It was 1994 when Dean Devlin and Roland Emmerich’s Stargate finally hit the big screen. It was an ambitious science fiction film with a modest budget (just $55 million), and it wasn’t a summer blockbuster by any means. But for an off-season, October release, Stargate did remarkably well with its $71 million gross domestic earnings and nearly $200 million worldwide.
The team’s production studio had found third-party financiers, and signed over the rights to MGM only after the film had been made — reportedly to secure a wide distribution in the U.S. Along with that deal went the pair’s rights to the intellectual property, and in the years following MGM would opt for making a TV series for Showtime — Stargate SG-1 — instead of letting Devlin and Emmerich move forward with their intended sequels.
Flash forward to 2013, and Stargate is off the air after three television series and a hugely successful, 14-year run. The production team at The Bridge Studios in Vancouver have moved out and on to other things. MGM has passed through the fires of bankruptcy and is under new management. And Devlin and Emmerich are back at MGM’s Los Angeles offices to pitch their trilogy once again — or, rather, a “reboot” of the Stargate concept for the big screen.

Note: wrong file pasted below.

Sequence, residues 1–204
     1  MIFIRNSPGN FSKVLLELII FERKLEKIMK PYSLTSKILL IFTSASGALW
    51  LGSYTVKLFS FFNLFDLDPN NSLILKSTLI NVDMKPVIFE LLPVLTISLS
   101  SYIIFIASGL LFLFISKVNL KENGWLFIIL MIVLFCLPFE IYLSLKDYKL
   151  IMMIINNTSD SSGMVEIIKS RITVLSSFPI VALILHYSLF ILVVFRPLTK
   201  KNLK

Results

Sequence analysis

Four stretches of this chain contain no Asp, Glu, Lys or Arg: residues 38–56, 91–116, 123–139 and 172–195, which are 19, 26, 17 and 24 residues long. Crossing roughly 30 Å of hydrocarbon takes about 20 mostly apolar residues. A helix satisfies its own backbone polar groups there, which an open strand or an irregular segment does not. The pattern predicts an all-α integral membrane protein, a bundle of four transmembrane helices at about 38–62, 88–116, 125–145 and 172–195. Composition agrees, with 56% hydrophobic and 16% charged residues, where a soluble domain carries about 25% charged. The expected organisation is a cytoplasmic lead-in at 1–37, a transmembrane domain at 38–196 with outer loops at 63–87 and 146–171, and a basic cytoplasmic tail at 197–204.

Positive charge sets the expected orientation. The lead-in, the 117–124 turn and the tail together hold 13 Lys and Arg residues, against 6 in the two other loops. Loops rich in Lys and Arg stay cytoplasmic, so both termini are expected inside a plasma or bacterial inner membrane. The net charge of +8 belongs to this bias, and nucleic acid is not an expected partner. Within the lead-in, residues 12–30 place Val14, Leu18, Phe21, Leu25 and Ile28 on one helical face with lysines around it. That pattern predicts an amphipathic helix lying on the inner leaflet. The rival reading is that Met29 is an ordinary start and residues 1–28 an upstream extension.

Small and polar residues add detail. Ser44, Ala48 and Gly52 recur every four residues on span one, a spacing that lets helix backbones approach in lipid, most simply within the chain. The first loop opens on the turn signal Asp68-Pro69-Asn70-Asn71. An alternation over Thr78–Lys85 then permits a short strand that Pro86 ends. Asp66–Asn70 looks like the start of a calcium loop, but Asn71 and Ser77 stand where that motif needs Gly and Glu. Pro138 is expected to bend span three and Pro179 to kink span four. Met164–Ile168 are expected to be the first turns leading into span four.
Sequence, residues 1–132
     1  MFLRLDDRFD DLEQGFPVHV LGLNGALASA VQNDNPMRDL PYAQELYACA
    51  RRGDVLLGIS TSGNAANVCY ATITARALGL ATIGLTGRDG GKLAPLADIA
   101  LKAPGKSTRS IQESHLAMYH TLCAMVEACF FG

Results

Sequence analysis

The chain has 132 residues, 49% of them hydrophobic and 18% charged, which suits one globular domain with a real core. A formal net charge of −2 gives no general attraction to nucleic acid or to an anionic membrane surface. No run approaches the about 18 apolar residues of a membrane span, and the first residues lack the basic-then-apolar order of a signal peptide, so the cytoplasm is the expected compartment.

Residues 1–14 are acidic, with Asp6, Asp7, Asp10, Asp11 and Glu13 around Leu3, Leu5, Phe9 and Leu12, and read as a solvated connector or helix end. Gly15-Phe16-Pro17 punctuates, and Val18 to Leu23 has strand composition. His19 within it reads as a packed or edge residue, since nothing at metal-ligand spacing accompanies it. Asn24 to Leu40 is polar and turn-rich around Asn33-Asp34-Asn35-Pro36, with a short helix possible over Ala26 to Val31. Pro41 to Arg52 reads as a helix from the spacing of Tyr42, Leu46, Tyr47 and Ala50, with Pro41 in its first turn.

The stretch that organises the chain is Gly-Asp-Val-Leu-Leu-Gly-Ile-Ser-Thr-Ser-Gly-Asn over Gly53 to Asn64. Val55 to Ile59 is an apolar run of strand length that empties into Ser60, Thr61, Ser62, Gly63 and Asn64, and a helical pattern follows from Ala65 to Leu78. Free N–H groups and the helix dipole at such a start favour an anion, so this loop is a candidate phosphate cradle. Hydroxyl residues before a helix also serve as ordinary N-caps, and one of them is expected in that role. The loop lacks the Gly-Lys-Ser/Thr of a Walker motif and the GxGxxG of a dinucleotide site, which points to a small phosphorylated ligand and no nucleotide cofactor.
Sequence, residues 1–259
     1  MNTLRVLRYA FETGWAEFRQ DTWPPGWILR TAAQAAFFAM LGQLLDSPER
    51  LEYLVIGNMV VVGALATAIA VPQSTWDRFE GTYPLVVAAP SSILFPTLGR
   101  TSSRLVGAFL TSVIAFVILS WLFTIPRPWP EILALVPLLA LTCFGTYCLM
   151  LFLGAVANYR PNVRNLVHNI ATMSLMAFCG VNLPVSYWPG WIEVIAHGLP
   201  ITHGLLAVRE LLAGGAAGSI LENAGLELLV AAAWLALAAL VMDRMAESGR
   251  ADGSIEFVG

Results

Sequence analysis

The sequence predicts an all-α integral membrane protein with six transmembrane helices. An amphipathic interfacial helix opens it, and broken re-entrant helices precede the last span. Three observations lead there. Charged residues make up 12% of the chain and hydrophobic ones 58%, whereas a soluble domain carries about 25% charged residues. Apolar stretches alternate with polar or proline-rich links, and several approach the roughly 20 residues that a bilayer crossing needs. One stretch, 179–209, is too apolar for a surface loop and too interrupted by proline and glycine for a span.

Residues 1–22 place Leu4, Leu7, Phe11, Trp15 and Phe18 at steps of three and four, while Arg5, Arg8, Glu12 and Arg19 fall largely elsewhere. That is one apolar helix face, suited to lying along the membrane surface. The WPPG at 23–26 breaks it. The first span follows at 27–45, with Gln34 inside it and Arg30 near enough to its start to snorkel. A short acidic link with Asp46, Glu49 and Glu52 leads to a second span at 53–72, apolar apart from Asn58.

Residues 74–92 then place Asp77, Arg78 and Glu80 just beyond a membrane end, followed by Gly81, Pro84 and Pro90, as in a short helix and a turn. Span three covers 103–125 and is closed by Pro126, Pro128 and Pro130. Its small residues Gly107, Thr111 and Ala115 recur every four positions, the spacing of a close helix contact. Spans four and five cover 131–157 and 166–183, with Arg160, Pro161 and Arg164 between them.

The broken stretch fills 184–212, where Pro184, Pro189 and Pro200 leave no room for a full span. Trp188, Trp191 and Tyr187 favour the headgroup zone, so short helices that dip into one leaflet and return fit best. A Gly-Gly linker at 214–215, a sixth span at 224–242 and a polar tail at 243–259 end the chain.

So is this the best thing for Stargate? And is it the only way for Stargate to make a comeback?
For many fans, the TV incarnation simply is Stargate. (From “Reckoning”)
Now this is just my opinion, as someone who has been following Stargate from the beginning — nearly 20 years now. And I recognize that for millions of other Stargate fans around the world … well, “your mileage may vary,” as they say. So I hope you’ll consider what I have to say, and then sound off in the comments section below.
I think the feature film reboot could be a very, very good thing for Stargate. It’s not the version of Stargate that I want the most right now, but it’s the version that has the best chance of bringing the franchise back to life.